Efforts by the government and medical establishment to control the spread of SARS deserve encouragement. Hopefully their work will soon bear fruit. As the epidemic has entered a new phase, the urgent task is to study the disease's direction.
From the very beginning our prevention measures have followed WHO guidelines of trying to completely block the spread of the virus and then wipe it out. If the future does not turn out as expected, should the disease-prevention measures be increased in scope? Should the epidemic-prevention measures be raised to a higher level continuously? We should have a more thorough and macroscopic view.
Intense fear will only create more public pressure. More government measures will not only create more expectations but also carry more risks of disappointment. Epidemic control involves many "human activities." Is complete, flawless isolation aimed at wiping out the virus a practical and realistic measure?
As prevention measures increase in scope, is the benefit proportional to the increase in social costs? Can we really wipe out SARS while understanding little about it? Were there any endemic cases in the past? Does the SARS virus take different forms in different countries?
If we are not sure of the answers to the above questions, should we consider how to coexist with SARS?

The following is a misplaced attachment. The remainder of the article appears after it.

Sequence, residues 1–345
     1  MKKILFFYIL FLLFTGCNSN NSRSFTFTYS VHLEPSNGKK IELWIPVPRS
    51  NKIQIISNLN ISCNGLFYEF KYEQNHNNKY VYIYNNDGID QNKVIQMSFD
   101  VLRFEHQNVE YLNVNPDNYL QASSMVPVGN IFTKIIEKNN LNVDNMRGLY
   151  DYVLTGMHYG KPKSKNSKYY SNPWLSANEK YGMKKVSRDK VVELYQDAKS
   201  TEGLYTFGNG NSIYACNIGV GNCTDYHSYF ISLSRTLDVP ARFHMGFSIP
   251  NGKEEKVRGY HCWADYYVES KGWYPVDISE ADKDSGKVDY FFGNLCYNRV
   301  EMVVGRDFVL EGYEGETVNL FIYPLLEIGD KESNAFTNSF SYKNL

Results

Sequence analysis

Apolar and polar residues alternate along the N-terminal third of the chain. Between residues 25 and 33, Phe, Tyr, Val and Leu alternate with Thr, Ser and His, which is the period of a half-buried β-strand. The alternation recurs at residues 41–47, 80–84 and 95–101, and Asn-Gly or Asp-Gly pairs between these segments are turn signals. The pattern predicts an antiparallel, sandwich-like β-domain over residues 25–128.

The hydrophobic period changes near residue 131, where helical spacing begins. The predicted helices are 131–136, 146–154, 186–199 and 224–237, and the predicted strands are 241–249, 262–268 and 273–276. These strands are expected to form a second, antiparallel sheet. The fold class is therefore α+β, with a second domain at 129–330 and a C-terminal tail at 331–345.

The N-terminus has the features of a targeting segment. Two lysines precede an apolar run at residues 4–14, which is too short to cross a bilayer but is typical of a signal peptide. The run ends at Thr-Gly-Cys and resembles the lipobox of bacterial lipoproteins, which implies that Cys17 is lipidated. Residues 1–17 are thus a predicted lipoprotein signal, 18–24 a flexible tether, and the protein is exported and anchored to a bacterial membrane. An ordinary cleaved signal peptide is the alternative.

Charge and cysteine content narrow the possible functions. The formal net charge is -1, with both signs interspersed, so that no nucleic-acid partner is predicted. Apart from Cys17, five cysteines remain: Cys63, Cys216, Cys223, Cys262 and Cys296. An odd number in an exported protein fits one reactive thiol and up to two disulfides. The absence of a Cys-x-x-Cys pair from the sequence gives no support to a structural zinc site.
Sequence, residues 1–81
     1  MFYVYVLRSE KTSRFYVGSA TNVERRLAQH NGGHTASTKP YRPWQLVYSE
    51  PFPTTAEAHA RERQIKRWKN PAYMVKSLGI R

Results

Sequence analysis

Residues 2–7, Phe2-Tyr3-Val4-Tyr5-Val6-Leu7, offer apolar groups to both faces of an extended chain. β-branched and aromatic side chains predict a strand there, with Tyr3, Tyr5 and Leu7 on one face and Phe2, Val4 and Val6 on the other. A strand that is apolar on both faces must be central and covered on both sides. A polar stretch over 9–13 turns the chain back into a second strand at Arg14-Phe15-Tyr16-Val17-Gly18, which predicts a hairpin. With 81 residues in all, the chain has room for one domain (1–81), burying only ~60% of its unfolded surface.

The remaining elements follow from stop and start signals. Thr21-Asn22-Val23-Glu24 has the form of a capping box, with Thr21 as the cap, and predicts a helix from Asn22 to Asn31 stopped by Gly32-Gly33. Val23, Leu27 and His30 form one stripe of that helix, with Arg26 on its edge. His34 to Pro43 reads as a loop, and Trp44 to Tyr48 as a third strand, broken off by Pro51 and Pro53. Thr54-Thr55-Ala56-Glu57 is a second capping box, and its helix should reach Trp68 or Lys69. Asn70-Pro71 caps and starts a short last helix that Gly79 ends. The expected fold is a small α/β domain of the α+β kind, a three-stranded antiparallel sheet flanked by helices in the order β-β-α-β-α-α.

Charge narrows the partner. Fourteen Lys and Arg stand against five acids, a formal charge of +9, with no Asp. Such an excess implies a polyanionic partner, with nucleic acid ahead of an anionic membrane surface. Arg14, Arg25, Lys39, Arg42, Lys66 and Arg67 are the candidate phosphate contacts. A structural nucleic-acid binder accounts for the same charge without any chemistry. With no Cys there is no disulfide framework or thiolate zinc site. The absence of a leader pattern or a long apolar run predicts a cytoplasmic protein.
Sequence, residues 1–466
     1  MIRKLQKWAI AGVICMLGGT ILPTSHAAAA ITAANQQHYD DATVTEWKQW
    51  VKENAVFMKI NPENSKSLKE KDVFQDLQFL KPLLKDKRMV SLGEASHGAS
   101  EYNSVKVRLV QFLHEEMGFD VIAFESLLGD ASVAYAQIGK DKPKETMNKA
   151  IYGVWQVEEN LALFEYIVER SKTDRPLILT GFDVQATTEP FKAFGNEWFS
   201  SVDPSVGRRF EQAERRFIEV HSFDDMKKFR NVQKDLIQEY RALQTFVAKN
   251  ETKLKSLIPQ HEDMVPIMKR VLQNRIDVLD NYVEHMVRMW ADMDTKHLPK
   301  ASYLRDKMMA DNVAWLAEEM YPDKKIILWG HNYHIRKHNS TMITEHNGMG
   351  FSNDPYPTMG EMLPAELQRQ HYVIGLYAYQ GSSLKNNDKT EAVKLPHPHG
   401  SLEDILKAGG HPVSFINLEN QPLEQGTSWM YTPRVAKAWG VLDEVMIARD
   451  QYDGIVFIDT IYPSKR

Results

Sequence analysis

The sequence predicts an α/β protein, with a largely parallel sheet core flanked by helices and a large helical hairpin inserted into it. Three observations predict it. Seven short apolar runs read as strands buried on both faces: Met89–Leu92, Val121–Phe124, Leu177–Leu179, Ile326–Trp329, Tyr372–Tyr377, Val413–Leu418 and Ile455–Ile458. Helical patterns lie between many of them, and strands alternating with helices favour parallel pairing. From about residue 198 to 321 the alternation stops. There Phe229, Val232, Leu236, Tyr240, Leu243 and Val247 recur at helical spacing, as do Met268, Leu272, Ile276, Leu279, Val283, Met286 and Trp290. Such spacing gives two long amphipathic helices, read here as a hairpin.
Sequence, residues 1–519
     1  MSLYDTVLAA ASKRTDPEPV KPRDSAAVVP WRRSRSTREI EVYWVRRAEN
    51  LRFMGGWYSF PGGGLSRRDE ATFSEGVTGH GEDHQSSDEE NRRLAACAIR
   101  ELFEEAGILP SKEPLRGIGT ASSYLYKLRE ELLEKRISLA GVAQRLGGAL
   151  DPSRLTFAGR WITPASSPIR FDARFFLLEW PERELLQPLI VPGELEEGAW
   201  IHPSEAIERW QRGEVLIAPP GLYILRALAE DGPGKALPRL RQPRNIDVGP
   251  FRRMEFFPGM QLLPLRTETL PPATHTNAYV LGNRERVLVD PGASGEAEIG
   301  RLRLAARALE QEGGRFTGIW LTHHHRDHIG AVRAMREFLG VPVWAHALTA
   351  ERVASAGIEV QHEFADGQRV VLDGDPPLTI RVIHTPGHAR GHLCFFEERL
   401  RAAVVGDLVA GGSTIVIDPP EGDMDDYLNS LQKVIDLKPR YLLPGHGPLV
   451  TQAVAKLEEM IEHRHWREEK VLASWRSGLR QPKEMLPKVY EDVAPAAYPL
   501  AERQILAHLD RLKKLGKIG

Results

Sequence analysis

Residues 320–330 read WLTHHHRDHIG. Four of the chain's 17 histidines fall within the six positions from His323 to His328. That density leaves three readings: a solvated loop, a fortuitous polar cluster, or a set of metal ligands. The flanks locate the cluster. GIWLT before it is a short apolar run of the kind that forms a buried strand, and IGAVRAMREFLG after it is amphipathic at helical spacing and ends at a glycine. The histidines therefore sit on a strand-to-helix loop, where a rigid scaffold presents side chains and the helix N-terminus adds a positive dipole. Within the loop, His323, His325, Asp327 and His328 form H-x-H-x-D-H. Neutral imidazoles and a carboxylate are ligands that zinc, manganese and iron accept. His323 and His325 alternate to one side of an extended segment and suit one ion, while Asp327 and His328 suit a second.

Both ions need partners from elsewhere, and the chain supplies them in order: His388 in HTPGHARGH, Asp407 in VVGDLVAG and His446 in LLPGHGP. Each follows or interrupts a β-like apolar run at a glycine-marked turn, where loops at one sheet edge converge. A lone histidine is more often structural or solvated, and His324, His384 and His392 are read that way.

The world is by nature a place in which humans and microorganisms live together. Even if we exterminate one kind of microorganism, other new strains will continue to emerge. Although some past epidemics such as measles, smallpox and polio were eventually defeated, new viruses continue to come into being.
Because of close relations with China and Hong Kong, Taiwan is different from Singapore and Vietnam. Social and economic entanglements make it impossible for Taiwan to be free from the threat of SARS so long as the virus is not wiped out in China. While reduced cross-strait tensions provide an opportunity for Taiwan to recreate its political and economic miracles, they are by no means beneficial to long-term epidemic prevention.
When we consider adjusting our policy direction, the view of Dr. Jeffrey Koplan, former director of the Centers for Disease Control and Prevention in the US, published in New York Times last week, can perhaps give us a clue. Medical workers and the public should not panic but should face the epidemic with an open mind and pay attention to health care, epidemic prevention and proper isolation. Proper treatment should be made available once there is infection.
The above views are not aimed to denying our efforts, but to seek a better course of action and allow experts to draw on useful ideas for the future. Hopefully people will join hands and work together in epidemic prevention to create a brighter future.
Steve Chan is the president of Chi Mei Medical Center and the former director-general of the Department of Health.
Translated by Grace Shaw